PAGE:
The Trump administration announced its 2019 quotas for the Renewable Fuel Standard on Nov. 30.
Refiners will be required to blend 19.92 billion gallons of biofuel next year, with 15 billion gallons coming from conventional sources, including corn-based ethanol.
The final rule sets the 2020 requirement for biomass-based biodiesel volumes at 2.43 billion gallons, a 330-million-gallon increase over the 2018 and 2019 levels. Total advanced biofuel volumes, which are largely filled by biodiesel, are increased to 4.92 billion gallons.
Here’s some of the reaction we’ve received:
“We are pleased the Environmental Protection Agency maintained the implied conventional ethanol volume of 15 billion gallons and increased the total 2019 renewable fuel volume as intended by the RFS,” said Lynn Chrisp, Nebraska farmer and president of the National Corn Growers Association. “However, EPA granted refineries 2.25 billion gallons in RFS waivers over the past year but did nothing to account for those lost volumes. If EPA continues to grant large amounts of waivers in this manner, the volumes set in this final rule cannot be met. Ethanol has been and continues to be a strong market for U.S. corn farmers, especially during these tough times in the farm economy. When the EPA continues to grant waivers and does not account for those volumes in this rule, domestic demand for our crop is lost, impacting farmers’ livelihood and the economy of rural America.”
“We welcome this increase, as it helps a growing market for soybean oil. We are glad to see EPA acknowledge that biodiesel can play a larger role in our nation’s fuel supply,” said American Soybean Association President John Heisdorffer, a soybean producer from Keota, Iowa. “As ASA communicated to EPA during the rulemaking process, soybean farmers and our biodiesel industry partners can meet these targets, and we have the production capacity and feedstock to reasonably achieve even further growth.”
“The 2019 biofuel volumes coupled with year-round sales of E15 show a clear path forward for America,” said Kyle Gilley, Senior Vice President of External Affairs and Communications, POET. “Unfortunately, the previous EPA administrator dealt our nation’s biofuels program a serious setback with refinery waivers to the most profitable companies in the world that effectively slashed the 2018 volumes. Those waivers continue to weaken corn prices, cut biofuel production and even idle some facilities. It is time to get our America First fuel policy back on track, and we encourage the acting EPA administrator to hold oil refiners accountable and maintain the integrity of the Renewable Fuel Standard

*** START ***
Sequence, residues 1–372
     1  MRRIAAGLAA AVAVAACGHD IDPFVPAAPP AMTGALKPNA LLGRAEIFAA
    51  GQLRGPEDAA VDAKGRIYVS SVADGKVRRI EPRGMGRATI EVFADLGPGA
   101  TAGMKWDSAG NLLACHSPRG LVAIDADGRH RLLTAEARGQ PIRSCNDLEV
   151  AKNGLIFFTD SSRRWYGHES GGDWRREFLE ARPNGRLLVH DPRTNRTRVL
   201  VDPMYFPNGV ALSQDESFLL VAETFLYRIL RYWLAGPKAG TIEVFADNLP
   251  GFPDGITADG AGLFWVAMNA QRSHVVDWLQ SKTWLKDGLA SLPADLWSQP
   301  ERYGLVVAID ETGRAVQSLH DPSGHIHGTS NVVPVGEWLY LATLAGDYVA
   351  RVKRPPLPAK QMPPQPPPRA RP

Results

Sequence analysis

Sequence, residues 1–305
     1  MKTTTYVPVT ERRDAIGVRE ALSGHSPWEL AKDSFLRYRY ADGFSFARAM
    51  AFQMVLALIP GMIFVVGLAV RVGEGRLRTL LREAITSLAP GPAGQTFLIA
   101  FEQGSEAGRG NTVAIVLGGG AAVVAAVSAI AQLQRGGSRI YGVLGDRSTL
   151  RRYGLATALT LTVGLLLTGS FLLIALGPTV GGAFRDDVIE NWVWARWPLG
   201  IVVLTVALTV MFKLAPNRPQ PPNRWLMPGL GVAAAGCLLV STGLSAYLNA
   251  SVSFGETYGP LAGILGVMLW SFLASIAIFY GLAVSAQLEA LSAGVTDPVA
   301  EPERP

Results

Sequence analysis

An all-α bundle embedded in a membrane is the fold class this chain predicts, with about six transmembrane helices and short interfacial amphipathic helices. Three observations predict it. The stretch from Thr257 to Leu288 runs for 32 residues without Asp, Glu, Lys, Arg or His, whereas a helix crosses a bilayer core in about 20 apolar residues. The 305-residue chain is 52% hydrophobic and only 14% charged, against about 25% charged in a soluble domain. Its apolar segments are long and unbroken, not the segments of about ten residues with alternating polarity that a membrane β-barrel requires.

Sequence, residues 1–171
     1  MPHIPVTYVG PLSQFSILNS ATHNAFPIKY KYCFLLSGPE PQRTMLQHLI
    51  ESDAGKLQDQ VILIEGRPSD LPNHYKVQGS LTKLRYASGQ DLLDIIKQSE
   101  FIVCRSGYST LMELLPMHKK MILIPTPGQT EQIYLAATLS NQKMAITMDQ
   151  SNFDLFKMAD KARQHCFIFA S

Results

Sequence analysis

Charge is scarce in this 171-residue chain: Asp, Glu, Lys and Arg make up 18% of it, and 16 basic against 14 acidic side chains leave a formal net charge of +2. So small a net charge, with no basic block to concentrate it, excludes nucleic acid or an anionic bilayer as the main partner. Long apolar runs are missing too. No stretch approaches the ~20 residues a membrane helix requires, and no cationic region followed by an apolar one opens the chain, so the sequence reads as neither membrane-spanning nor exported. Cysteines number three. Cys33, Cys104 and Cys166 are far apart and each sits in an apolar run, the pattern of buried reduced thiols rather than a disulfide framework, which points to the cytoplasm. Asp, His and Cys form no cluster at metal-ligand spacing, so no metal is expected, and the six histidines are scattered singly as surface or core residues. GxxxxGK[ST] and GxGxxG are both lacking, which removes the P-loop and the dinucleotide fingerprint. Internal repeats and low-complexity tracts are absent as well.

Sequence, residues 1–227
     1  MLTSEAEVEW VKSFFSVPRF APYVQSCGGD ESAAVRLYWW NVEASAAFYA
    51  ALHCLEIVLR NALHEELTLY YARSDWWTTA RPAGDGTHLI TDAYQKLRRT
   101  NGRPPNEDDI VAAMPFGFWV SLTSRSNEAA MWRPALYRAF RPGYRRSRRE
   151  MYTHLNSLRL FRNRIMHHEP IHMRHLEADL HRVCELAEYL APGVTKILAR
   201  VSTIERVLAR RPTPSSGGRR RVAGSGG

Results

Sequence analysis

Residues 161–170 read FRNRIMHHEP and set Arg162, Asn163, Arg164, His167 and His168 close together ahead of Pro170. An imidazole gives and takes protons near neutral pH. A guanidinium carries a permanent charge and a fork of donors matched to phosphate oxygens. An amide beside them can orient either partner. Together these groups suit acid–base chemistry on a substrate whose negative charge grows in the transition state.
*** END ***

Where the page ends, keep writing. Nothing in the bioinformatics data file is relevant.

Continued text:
“We are pleased to see the 2019 RVO numbers released on time and that they hold strong promise, with a 15-billion-gallon commitment to starch ethanol and 418 million gallons of cellulosic biofuels,” said Emily Skor, CEO, Growth Energy. “But the latest EPA rule is also a missed opportunity to correctly account for billions of gallons of ethanol lost to refinery exemptions. Until these are addressed properly, we’re still taking two steps back for every step forward.”
“The final targets open new possibilities for advanced and cellulosic biofuels, but without a check on abusive EPA waivers, we’ll continue to see plants closing their doors or idling production,” said from Brooke Coleman, Executive Director, Advanced Biofuels Business Council. “The agency cannot fulfill the president’s commitments in the heartland without putting a lid on handouts to oil giants like Chevron and Andeavor.”
"President Trump's numerous assurances to American family farmers to support the biofuels industry and increase demand for farm products continue to fall short at the hands of EPA,” said National Farmers Union President Roger Johnson. “The decision to exempt refiners from complying with the RFS, coupled with today's decision not to make up for the lost demand, leaves farmers at a significant net loss under the current administration. This rule is not keeping with Congress' intent with the RFS, which is to drive investment in American grown biofuels.”
Source: ASA, NFU, Growth Energy, Advanced Biofuels Business Council, POET, NCGA